Mexico’s Red Cross sent Rescue Experts to New Orleans while the Mexican Navy deployed off the American Gulf Coast with helicopters, ATVs, amphibious ships, tankers, medical personnel, and tons of food aid. The Mexican Air Force later flew 200 more tons of food in as a convoy of trucks from Mexico shipped hundreds of tons more. It was the first time since the Mexican-American War (which ended in 1848) that Mexico’s troops were inside the United States, and they were here to help.

The Mexicans also helped clear debris and distribute supplies to Harrison County, hit especially hard by Katrina’s intense winds. Gulfport, Miss. took the brunt of the damage, but the surrounding areas were devastated as well. The following month, having finished cleaning up and distributing supplies, the mission ended, and Mexico went home.

MIGHTY TRENDING

VA partners with Dole Foundation, Red Cross to help Veteran caregivers

VA is teaming up with the Elizabeth Dole Foundation (EDF) and the American Red Cross Military Veteran Caregiver Network (MVCN) to provide one-year, free, premium LinkedIn subscriptions to Veteran caregivers. Donated by LinkedIn, the free premium subscriptions help Veteran caregivers get noticed by recruiters, build out a network, stay in the know on new jobs that fit their skills, and apply for new opportunities.


In addition, LinkedIn offers a free year of unlimited access to over 15,000 business, creative and technology courses. The courses are all taught by industry experts through the LinkedIn Learning platform. Veterans may also request a free one-year premium subscription here: www.linkedin.com/military.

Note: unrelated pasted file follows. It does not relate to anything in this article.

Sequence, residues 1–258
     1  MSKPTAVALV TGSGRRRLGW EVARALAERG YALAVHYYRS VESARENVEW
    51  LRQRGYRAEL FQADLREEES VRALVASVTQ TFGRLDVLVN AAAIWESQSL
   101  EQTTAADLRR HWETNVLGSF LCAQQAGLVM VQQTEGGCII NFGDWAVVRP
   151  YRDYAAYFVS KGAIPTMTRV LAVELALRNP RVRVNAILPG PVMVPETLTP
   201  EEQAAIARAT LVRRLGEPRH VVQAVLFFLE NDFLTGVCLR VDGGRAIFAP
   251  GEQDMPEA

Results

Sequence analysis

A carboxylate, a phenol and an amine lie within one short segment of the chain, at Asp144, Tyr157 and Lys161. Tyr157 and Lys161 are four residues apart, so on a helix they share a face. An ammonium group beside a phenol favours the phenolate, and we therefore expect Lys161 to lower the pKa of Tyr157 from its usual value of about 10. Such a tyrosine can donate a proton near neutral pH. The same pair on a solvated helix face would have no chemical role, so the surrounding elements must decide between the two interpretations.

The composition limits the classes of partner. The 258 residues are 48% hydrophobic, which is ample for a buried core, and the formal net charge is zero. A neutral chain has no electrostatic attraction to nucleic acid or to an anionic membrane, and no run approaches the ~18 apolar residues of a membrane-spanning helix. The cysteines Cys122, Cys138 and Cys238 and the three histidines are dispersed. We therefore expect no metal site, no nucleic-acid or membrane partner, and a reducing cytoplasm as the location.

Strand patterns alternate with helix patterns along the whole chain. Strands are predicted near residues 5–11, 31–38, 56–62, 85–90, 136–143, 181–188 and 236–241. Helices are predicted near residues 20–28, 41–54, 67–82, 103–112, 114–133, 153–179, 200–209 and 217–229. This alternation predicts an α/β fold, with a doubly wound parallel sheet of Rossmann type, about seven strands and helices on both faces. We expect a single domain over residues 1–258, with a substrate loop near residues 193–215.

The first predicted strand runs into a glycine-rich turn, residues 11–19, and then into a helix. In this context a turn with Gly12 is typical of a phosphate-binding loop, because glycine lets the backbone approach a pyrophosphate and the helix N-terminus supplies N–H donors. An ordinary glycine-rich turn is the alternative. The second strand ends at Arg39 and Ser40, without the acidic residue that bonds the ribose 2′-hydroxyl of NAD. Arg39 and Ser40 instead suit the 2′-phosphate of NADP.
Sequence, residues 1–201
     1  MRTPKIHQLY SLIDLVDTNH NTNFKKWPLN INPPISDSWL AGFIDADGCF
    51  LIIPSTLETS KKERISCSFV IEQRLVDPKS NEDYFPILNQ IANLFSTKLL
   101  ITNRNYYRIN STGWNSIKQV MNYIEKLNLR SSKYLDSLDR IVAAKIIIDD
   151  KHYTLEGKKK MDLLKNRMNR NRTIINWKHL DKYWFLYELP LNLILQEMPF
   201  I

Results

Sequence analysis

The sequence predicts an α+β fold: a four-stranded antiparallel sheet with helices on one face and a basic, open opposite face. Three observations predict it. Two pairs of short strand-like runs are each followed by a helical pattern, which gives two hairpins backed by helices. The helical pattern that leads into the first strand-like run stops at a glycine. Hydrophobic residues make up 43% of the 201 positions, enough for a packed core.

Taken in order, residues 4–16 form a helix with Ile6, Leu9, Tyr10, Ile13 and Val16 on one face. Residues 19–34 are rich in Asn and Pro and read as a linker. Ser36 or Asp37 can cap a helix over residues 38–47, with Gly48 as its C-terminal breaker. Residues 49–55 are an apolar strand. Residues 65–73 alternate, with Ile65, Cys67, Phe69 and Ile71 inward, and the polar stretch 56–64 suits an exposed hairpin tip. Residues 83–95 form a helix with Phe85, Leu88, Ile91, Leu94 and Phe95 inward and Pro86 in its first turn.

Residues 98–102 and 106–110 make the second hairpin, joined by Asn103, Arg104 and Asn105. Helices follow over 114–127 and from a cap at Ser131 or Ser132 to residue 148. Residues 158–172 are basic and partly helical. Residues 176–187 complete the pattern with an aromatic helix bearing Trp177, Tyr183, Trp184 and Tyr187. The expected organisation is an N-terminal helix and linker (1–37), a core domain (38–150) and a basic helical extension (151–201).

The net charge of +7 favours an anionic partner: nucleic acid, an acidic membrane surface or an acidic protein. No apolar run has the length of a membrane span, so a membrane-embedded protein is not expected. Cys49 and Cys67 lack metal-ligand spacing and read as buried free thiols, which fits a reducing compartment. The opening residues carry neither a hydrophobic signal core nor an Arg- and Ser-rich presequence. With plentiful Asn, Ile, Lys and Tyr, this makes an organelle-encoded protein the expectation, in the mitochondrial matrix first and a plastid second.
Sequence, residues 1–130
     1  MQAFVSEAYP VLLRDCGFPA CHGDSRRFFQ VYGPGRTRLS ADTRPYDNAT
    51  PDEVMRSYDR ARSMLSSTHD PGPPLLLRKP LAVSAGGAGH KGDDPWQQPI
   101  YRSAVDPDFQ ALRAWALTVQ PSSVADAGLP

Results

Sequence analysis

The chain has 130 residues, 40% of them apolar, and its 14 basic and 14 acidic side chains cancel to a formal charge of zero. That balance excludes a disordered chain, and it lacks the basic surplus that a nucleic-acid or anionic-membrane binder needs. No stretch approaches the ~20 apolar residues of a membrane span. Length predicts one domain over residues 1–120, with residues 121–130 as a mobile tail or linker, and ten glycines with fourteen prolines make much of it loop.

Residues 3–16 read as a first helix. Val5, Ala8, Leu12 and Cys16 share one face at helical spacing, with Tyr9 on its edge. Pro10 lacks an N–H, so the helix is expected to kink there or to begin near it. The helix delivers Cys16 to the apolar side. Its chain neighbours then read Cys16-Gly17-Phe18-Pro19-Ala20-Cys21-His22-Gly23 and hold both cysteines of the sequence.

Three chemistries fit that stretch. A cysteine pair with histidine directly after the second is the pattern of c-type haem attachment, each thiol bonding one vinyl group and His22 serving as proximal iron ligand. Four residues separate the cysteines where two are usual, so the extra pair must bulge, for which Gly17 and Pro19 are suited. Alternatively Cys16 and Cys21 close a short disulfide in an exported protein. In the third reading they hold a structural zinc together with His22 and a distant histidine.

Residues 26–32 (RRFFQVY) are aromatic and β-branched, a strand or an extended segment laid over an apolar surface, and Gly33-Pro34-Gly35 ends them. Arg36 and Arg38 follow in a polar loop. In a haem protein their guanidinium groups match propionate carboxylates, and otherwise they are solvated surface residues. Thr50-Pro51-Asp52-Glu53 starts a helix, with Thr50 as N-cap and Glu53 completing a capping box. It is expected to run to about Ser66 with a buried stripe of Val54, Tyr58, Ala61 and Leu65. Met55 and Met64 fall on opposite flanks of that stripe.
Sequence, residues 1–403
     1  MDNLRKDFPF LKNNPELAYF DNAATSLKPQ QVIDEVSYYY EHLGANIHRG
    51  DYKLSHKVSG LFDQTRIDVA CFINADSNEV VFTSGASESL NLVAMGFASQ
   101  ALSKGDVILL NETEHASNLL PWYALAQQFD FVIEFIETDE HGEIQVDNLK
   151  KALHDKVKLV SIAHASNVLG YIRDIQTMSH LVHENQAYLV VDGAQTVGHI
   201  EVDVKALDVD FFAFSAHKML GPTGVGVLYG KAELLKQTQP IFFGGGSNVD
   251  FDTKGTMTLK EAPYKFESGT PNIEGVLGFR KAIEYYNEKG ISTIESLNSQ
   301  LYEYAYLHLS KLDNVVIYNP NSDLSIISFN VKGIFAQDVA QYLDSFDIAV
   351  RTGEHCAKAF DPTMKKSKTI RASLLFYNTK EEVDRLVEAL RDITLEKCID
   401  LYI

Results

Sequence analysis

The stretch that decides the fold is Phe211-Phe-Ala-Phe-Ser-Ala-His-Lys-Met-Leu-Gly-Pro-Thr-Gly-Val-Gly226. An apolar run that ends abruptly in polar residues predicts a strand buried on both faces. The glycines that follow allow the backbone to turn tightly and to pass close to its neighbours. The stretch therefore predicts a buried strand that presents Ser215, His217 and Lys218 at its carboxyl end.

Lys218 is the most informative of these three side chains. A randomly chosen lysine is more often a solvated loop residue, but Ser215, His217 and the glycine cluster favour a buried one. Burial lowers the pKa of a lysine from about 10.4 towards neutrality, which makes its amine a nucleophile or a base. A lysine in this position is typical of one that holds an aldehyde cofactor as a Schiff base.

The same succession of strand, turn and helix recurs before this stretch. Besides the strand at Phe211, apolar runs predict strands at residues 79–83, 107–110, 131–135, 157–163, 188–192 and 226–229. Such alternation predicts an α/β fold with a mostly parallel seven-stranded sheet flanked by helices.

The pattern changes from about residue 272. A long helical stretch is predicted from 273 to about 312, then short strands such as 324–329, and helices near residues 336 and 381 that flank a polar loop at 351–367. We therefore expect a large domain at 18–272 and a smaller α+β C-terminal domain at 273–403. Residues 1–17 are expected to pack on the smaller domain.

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Caregivers support one of VA’s key priorities

VA values its long-standing relationships with the Elizabeth Dole Foundation and the American Red Cross. Together, we work to strengthen and bridge the gaps in services and resources in the community for caregivers.

The Elizabeth Dole Foundation will soon share this offering with their military and Veteran caregiver community. Over the coming weeks, the Dole Foundation will be sharing this with the Foundation’s Hidden Heroes Caregiver Community, an online platform that connects thousands of military caregivers to a network of peer support and other resources.

The American Red Cross MVCN welcomes Veteran caregivers to join their Employment and Workplace Support Group if they are interested.

Specifically for the Veteran community, LinkedIn has created two learning paths.

  • Transition from Military to Civilian Employment: This learning path will help youis designed to navigate your job searches, helping you while building youra professional identity, assists in preopreparing prepare for interviews, negotiatinge salariesy, and even get promotionsed once you’ve after been hired.
  • Transition from Military to Student Life: Covering everything from ACT/SAT/GRE test prep to essay writing, study skills, time management tips, and how to land an internship, this learning path propels Veteransshould set you on a course to success – graduation and beyond.

To make the most of LinkedIn, use these resources:

  • LinkedIn for Veterans: This course provides a “LinkedIn 101” tutorial for everything from selecting and uploading the right picture to searching and applying for jobs.
  • Translating Your Military Skills to Civilian Employment: This course will help Veteransyou understand the civilian hiring process and empower you to demonstrate your best self to potential employers.